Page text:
Bank spending on anti-money laundering (AML) systems and processes has risen by an average of 58% over the last three years, according to a global survey by KPMG.
The research, which surveyed 224 banks from 55 countries, found that banks in North America saw the biggest increase in compliance spending over the last three years, at 71%. They were followed closely by banks in the Middle East and Africa, where spending rose by 70%. Compliance costs rose 58% in Europe, 37% in Asia Pacific, 59% in Central and South America and 60% in Russia.
KPMG says the research found that AML compliance costs have risen by more than banks had predicted in a 2004 study, when respondents on average predicted an increase of 43%. The latest research found that overall banks expect compliance spending to rise by 34% over the next three years to 2010.
The biggest spending by banks across the world continues to be on transaction monitoring systems and staff training costs.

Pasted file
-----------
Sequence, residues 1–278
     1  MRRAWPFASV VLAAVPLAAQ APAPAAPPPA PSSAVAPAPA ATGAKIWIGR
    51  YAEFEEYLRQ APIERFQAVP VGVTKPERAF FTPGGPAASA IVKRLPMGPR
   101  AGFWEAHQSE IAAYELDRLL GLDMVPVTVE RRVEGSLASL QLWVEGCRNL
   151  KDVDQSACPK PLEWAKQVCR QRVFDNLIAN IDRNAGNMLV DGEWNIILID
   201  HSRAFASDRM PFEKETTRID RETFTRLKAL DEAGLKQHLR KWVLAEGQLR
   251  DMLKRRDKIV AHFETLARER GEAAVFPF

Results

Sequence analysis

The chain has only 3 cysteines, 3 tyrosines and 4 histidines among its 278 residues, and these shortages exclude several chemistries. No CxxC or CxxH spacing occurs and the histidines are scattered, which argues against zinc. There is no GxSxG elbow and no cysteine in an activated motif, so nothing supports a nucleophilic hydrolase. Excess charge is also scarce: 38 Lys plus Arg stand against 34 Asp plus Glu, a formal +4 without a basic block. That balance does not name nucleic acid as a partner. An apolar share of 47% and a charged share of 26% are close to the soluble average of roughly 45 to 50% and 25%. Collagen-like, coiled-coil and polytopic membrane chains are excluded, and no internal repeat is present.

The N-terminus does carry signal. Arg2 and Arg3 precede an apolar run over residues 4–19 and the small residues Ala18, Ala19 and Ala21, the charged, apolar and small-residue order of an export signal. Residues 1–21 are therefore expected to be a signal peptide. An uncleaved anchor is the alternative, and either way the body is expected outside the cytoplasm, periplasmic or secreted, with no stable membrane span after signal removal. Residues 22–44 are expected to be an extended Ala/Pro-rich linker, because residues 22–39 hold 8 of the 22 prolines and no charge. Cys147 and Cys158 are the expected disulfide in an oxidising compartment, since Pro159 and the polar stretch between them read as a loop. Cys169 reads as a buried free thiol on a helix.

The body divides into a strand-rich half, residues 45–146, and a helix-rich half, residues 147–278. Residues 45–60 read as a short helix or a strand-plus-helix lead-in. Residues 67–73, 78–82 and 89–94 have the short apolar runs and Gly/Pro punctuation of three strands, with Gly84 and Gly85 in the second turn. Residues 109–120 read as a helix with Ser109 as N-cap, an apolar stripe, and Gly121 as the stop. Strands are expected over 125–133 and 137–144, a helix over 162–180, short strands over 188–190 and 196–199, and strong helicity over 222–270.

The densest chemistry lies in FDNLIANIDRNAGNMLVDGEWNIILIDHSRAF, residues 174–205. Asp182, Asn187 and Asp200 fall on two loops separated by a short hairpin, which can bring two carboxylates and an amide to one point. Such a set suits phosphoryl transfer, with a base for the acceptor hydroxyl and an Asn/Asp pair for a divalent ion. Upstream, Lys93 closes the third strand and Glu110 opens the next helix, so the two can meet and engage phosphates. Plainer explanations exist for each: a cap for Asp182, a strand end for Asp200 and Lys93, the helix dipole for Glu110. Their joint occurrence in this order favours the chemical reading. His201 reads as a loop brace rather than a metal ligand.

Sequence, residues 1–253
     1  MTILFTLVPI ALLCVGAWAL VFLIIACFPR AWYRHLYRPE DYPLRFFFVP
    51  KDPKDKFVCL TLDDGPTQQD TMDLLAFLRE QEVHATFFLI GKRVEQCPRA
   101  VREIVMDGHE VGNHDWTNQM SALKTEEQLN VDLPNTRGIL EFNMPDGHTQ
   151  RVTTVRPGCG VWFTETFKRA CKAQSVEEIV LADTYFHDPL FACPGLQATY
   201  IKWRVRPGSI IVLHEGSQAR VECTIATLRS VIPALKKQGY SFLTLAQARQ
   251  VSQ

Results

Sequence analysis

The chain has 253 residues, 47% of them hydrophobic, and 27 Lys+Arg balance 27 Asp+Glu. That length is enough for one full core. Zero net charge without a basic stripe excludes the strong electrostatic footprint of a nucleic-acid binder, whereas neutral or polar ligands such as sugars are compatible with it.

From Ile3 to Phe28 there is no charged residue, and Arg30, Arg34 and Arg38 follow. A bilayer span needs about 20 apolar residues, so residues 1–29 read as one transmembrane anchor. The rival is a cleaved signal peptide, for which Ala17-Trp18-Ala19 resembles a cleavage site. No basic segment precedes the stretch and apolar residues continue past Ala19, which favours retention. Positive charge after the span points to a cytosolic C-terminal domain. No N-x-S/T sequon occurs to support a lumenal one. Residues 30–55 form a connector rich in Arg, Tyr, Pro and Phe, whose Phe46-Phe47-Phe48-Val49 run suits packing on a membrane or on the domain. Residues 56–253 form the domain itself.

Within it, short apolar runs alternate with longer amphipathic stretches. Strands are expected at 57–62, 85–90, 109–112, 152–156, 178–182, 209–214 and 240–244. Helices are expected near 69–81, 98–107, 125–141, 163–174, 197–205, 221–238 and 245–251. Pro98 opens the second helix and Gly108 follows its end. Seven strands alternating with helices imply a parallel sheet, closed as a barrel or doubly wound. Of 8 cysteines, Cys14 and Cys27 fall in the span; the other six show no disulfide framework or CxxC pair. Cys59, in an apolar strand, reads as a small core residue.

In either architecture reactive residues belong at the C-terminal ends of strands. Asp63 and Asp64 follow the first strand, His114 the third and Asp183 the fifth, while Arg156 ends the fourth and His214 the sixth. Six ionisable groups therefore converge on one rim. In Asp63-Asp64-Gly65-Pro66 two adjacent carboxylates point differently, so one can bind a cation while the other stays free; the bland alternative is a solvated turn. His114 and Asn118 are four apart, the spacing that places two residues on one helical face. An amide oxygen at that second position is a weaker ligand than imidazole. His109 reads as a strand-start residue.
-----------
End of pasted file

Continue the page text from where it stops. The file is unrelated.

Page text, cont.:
But despite the increased spending banks are still struggling to combat the threat of money laundering. The report found that less than a quarter of banks with an international presence are capable of monitoring a single customer's transactions and account status across multiple countries. KPMG says there is no evidence that larger banks are any more capable in this respect than smaller banks.
Furthermore, despite the availability of sophisticated monitoring technology, a massive 97% of banks say that they are dependent on the "vigilance of staff" to detect suspicious activity.
Karen Briggs, global head of anti-money laundering at KPMG Forensic, says banks are making increased efforts to tackle the money laundering threat but many are struggling to design and implement an effective AML strategy.
"Significant numbers say that the regulatory environment is not helping them as well as it should do - this is clearly a matter of concern, as effective coordination between parties is one of the keys to defeating money launderers," says Briggs.
KPMG says there is significant concern amongst banks that governmental and international regulation needs to be more effectively targeted. Half of respondents believe that while the overall regulatory burden is acceptable, the requirements need to be better focused, while nearly eight per cent of banks believe that regulation should actually be increased in order to combat money laundering more effectively.